I’m not familiar with the particular story, so I don’t know how it actually turns out.

  2. @ Neil: Yep, the mind-body issue feeds all sort of cinema, novels, religion and philosophy. What fun.

  3. I loved the movie too.
    I don’t think there is a difference between mind and brain. There is no duality

  4. Awesome movie – it made me think for several days, not just about mind/body issues but about so many other things important to our humanity. I love the points you made in this post. Thanks!

  5. It echoes the presupposition of dualism of sorts in the philosophical zombie of David Chalmers. Chalmers defines his zombie as being just like a human in all behaviour but with consciousness removed. It presupposes consciousness is something additional to a behaving brain. If to remove consciousness requires removing, or at least altering, the brain, then the arguments Chalmers builds on top of his zombie don’t hold. As you say, sound arguments need true (proven) premises; but often merely valid arguments are presumed to be sound because the proponent thinks the premises obviously true.

  6. TWF

    The body cannot live without the mind.” – Morpheus, The Matrix
    😉 Great tie-in to religion. Of course, The Curious Case of Contrived Religion is that it is presented as true. For the deep thinkers who accept the faith, that opens up all kinds of entertaining forms of thought to twist, bend, and redefine the words to make that religion work the way it should in their eyes. It’s quite an intellectually entertaining endeavor to turn fiction into reality.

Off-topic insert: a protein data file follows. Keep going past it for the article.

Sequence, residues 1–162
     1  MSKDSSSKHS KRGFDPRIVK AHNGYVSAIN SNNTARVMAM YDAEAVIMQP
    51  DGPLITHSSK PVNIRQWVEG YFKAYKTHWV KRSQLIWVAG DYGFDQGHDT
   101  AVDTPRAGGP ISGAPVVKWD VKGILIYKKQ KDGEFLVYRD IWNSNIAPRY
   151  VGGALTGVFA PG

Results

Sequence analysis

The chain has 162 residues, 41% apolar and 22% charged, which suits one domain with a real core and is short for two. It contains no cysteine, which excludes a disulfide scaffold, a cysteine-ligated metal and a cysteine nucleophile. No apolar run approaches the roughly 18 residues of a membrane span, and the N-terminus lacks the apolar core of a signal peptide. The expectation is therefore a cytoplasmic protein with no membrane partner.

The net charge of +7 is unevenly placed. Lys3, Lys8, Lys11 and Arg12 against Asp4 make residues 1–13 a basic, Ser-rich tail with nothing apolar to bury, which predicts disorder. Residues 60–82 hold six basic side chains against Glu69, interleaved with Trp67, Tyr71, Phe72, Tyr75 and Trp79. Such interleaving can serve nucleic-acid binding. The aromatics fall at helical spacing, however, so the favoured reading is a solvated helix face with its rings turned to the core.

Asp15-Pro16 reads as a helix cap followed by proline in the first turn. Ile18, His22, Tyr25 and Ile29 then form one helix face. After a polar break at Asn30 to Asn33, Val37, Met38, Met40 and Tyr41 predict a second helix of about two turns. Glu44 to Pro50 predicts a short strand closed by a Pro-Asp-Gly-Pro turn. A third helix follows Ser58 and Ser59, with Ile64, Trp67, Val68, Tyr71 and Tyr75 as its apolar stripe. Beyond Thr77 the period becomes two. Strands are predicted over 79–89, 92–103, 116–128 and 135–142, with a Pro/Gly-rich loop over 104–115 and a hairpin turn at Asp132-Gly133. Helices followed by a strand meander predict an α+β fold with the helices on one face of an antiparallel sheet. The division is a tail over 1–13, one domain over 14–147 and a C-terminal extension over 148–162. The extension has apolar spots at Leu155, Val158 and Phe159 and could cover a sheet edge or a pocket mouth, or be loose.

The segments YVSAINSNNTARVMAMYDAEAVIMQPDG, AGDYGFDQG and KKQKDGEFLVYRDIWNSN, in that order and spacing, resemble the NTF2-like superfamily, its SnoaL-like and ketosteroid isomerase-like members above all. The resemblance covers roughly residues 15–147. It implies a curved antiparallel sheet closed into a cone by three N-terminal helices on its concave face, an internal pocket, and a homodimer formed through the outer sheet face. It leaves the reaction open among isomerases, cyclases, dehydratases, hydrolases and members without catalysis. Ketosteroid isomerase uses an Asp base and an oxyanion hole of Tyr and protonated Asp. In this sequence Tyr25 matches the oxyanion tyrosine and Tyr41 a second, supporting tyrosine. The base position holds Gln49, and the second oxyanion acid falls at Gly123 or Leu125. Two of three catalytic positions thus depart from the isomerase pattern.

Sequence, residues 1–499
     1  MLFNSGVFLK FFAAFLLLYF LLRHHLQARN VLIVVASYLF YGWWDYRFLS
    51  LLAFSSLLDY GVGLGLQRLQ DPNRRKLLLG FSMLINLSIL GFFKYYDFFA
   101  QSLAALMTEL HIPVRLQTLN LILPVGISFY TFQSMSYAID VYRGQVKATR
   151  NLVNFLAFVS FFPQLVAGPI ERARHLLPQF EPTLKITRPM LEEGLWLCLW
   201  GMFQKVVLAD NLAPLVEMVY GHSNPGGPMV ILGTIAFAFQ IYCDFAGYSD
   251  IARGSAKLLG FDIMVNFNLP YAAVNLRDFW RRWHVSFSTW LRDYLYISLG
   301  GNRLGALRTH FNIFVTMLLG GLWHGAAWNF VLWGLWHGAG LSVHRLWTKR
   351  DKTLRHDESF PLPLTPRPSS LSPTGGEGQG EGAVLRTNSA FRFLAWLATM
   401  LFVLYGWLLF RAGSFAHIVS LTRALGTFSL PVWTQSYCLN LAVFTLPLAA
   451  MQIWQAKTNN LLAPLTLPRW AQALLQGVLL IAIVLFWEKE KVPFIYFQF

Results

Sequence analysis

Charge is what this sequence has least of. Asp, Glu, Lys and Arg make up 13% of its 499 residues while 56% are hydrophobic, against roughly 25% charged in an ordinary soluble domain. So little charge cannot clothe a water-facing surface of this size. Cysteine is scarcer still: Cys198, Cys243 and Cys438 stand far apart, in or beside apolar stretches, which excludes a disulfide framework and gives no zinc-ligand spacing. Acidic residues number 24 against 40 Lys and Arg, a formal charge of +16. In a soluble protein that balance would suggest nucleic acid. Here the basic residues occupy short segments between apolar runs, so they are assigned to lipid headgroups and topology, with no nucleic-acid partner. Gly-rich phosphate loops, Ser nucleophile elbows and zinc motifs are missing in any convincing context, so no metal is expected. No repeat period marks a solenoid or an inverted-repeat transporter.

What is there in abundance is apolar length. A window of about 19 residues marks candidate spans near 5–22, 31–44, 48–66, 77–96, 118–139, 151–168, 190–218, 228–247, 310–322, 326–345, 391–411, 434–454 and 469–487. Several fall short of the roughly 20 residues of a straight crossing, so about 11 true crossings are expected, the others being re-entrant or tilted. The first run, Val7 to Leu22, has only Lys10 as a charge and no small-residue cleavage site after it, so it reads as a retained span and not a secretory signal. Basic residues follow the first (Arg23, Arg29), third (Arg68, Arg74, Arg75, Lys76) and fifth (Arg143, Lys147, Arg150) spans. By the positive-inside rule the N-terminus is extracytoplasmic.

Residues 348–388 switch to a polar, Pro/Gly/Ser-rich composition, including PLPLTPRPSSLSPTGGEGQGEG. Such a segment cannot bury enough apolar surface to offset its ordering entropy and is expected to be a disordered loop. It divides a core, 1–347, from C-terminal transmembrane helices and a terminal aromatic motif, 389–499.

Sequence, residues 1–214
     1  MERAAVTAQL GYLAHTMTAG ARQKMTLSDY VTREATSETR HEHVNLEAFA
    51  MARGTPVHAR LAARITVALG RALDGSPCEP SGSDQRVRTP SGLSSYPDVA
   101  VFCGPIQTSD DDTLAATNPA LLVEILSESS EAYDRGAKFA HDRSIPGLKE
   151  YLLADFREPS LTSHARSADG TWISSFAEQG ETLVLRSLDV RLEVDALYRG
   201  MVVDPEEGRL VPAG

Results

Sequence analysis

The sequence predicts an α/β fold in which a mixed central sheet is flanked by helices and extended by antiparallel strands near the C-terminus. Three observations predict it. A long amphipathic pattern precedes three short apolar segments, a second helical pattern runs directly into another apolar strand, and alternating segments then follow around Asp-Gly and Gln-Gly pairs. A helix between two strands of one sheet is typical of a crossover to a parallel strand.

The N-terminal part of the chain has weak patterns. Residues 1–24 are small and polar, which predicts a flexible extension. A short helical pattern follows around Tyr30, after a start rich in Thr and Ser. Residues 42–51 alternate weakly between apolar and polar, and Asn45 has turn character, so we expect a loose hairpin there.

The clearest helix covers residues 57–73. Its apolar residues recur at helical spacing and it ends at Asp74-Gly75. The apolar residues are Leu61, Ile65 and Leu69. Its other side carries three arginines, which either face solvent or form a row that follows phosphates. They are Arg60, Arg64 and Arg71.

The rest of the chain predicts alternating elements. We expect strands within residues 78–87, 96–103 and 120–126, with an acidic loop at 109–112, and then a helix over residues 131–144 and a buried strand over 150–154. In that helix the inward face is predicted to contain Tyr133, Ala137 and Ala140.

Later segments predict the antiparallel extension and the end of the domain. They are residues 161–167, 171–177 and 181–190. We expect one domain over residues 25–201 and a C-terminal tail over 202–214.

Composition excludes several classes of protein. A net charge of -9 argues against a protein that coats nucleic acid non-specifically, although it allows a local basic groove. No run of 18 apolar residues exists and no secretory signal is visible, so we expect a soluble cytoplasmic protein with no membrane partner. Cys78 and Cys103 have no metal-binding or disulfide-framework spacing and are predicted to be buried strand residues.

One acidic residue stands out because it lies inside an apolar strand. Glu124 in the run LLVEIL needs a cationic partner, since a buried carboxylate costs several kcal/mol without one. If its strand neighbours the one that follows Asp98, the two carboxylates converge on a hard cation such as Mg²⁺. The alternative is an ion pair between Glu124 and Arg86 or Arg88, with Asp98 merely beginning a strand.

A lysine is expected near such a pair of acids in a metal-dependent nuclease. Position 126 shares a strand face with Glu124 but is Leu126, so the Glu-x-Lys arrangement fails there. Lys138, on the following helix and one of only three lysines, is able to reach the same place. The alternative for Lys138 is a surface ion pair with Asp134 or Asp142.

7. Hello Sabio, the story sounds really great!

    You’re probably aware of this website

    gathering a great number of stories and movies about “age regression”, aren’t you?

    Like William Hasker

    I am an emergent dualism, which means that while the mind is not the same thing is the brain, it emerges from the brain according to the principle of strong emergence.

    I give one of the reasons why I don’t believe that the subjective experience of a sentient creature is IDENTICAL to its or her brain processes here:

    So for me, it is entirely expected that if the brain gets damaged in certain ways the mind also gets damaged.

    I’m very curious to learn your thoughts on that.

    Lovely greetings from Metz (in Lorraine), Marc.
    (Sorry this saluting habit is so deeply anchored in me that it is hard to let go of it :=) )

  8. I’m going to go out on a limb here and suggest that internal logic is actually quite low on the storyteller’s list of priorities, for the most part. This is doubly true of F. Scott Fitzgerald.

    In sci fi and fantasy, you do have to get the pseudoscience of the universe somewhat consistent, because otherwise you risk a deus ex machina moment.

    For most storytelling, satire, fable, and mythology, what is far more important than consistency, and more achievable that soundness, is verisimilitude. George Orwell’s Animal Farm contains a hell of a lot of truth, even though it’s about talking animals.